Arctic Yearbook 2015 - Page 316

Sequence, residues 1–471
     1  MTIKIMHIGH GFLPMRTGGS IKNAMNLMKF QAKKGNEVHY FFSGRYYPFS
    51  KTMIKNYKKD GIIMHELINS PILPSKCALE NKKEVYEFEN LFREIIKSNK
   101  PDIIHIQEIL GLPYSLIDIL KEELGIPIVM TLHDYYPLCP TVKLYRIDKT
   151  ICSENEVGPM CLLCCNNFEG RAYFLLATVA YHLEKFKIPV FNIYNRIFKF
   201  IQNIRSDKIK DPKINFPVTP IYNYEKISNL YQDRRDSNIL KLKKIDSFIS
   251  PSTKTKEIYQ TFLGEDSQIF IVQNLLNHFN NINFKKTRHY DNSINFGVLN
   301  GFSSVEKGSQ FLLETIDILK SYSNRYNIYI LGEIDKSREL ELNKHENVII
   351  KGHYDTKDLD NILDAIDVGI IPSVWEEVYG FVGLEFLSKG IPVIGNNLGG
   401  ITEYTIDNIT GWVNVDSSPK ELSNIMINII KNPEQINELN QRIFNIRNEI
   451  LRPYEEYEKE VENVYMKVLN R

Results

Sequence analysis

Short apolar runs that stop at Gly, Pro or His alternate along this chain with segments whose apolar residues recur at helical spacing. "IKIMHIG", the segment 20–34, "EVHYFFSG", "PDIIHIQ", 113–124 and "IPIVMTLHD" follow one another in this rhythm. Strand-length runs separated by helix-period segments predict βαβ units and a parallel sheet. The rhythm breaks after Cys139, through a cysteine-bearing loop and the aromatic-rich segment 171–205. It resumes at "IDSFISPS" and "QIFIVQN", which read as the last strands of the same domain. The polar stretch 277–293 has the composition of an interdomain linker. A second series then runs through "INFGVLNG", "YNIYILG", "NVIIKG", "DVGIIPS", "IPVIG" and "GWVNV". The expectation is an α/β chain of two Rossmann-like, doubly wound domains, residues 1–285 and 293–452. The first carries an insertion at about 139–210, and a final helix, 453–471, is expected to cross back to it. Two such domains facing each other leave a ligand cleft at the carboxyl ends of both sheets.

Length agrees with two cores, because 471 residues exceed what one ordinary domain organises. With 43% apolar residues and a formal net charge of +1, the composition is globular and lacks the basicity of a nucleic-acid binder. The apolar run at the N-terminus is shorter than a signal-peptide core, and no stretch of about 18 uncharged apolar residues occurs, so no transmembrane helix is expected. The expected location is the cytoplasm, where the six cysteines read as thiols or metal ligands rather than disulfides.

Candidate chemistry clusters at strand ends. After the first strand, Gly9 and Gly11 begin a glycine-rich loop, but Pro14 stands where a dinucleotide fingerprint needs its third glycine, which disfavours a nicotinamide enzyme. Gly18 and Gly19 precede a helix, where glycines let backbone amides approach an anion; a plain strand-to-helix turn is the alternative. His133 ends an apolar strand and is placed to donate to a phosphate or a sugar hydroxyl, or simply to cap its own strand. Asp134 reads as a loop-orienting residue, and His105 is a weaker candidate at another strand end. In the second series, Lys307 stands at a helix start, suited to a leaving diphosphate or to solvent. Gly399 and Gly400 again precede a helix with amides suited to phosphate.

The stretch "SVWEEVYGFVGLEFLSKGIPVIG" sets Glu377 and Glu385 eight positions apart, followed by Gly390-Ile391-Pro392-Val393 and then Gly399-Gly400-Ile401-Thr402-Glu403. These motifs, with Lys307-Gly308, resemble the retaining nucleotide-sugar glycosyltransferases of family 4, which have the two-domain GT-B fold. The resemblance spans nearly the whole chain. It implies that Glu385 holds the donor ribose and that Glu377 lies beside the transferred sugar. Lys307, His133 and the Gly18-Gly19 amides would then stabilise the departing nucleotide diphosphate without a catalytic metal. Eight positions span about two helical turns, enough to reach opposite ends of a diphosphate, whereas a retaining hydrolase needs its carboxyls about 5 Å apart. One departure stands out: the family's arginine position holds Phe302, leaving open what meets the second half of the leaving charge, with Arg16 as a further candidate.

316 Arctic Yearbook 2015 definition, where the eight states with territories north thereof (five of which also hold Arctic Ocean continental shelf claims) are recognised as the so-called Arctic states, the ‘A8’: Norway, Sweden, Finland, Denmark/Greenland, Iceland, Russia, Canada, and the United States. Nevertheless, as largely ocean space, the Arctic has often been thought of as a terra nullius and a free-for-all; an unclaimed and unclaimable liquid space, where no lines or boundaries may be drawn on the rolling waves (Steinberg 2001). It is often based on this view that fears of inadequate governance or regulation will lead to a ‘scramble’ or ‘race’ to claim the Arctic’s potentially rich resources have been allowed disproportionate levels of publicity. However, contrary to such concerns, the Arctic is subject to a number of regulatory mechanisms, firmly placed within a jurisdictional framework of international law (Dodds 2013b). In fact, as the Arctic is defined on a number of nested (and at times overlapping) scales, it has become a region whose governance is highly multilaterally complex, even seemingly messy in all its intricacy (Dittmer, Moisio, Ingram & Dodds 2011; Young 2004). As state, sub-state, inter-state, multi-state, trans-state, and supra-state actors interact in the various topically defined ‘Arctics’, institutional interplay and a wide array of interests mean that the region is highly dynamic – not just physically (Jakobsson, Ingólfsson, Long & Spielhagen 2014), but also politically (Stokke 2011, 2013; Underdal 2013; Young 2009). However, although Arctic governance is often described as idiosyncratic in its intricate multilateralism and inclusion of e.g. indigenous peoples’ organisations in AC deliberations, actual authority has repeatedly been affirmed to lie with the eight Arctic states. Indeed, as regional cooperation increases and the range of active stakeholders have expanded far beyond northern latitudes (see e.g. Bennett 2014), the maintenance of state sovereignty remains a key priority for the Arctic states (Heininen 2012; Knecht & Keil 2013; Steinberg & Dodds 2013). The United Nations Convention on the Law of the Sea (UNCLOS) Whereas territorial sovereignty on land above the Arctic Circle is distributed and bordered among the A8, the application of United Nations Convention on the Law of the Sea (UNCLOS 1982) provides the legal framework for delimitation and distribution of rights and responsibilities among the five coastal states in the Arctic Ocean. This establishes that, contrary to common notions of a ‘global commons’, the Arctic Ocean is not to be considered high seas at all (bar a few ‘loopholes’), but neatly segmented into territorial seas, exclusive economic zones (EEZ), extended continental shelves, and so on – all with their own rules and frameworks for orderly usage. The process of Arctic mapping and boundary-drawing, or ‘cartopolitics’, is therefore instrumental in producing a specific space of state governance (St randsbjerg 2010, 2012). Guided by scientists’ descriptions of the sea-floor’s geological features, this ‘strategic science’ with long historical roots (Doel et al. 2014) constructs a narrative of the Arctic as unquestionably, obviously like any other ocean; already inherently a part of the five states’ spatial extent (see Steinberg, Tasch & Gerhardt 2015). Despite the seeming neutrality of science and the seeming rigour of international law, the process of UNCLOS-based delimitation is therefore undeniably political, with interpretations of both law and geological data being malleable depending on interest (Brekke 2014). Submissions for extended continental shelves, for example, will only ever be reviewed after any bilateral territorial questions have Big Fish in a Small (Arctic) Pond